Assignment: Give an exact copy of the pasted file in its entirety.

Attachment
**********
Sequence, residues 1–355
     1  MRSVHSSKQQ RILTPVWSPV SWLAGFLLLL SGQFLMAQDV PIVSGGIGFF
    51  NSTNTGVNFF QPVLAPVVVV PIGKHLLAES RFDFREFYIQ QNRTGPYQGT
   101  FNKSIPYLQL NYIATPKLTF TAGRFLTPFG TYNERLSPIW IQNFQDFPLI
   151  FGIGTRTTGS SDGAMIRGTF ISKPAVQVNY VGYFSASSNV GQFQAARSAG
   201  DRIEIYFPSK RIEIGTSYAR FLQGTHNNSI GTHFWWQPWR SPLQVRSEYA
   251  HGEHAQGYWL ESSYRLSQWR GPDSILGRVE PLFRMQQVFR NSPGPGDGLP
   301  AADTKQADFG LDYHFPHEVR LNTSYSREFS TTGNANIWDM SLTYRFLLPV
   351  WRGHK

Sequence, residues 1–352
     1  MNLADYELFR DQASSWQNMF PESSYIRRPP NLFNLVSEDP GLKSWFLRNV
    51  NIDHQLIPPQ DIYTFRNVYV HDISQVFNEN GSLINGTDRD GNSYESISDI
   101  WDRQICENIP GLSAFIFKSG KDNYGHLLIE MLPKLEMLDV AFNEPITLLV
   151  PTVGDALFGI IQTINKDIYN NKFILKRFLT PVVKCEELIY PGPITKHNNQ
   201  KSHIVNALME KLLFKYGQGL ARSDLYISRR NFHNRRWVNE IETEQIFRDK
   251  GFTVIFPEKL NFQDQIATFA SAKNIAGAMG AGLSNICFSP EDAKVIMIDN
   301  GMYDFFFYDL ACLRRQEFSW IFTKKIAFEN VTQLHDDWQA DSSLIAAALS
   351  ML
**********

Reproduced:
Sequence, residues 1–355
     1  MRSVHSSKQQ RILTPVWSPV SWLAGFLLLL SGQFLMAQDV PIVSGGIGFF
    51  NSTNTGVNFF QPVLAPVVVV PIGKHLLAES RFDFREFYIQ QNRTGPYQGT
   101  FNKSIPYLQL NYIATPKLTF TAGRFLTPFG TYNERLSPIW IQNFQDFPLI
   151  FGIGTRTTGS SDGAMIRGTF ISKPAVQVNY VGYFSASSNV GQFQAARSAG
   201  DRIEIYFPSK RIEIGTSYAR FLQGTHNNSI GTHFWWQPWR SPLQVRSEYA
   251  HGEHAQGYWL ESSYRLSQWR GPDSILGRVE PLFRMQQVFR NSPGPGDGLP
   301  AADTKQADFG LDYHFPHEVR LNTSYSREFS TTGNANIWDM SLTYRFLLPV
   351  WRGHK

Sequence, residues 1–352
     1  MNLADYELFR DQASSWQNMF PESSYIRRPP NLFNLVSEDP GLKSWFLRNV
    51  NIDHQLIPPQ DIYTFRNVYV HDISQVFNEN GSLINGTDRD GNSYESISDI
   101  WDRQICENIP GLSAFIFKSG KDNYGHLLIE MLPKLEMLDV AFNEPITLLV
   151  PTVGDALFGI IQTINKDIYN NKFILKRFLT PVVKCEELIY PGPITKHNNQ
   201  KSHIVNALME KLLFKYGQGL ARSDLYISRR NFHNRRWVNE IETEQIFRDK
   251  GFTVIFPEKL NFQDQIATFA SAKNIAGAMG AGLSNICFSP EDAKVIMIDN
   301  GMYDFFFYDL ACLRRQEFSW IFTKKIAFEN VTQLHDDWQA DSSLIAAALS
   351  ML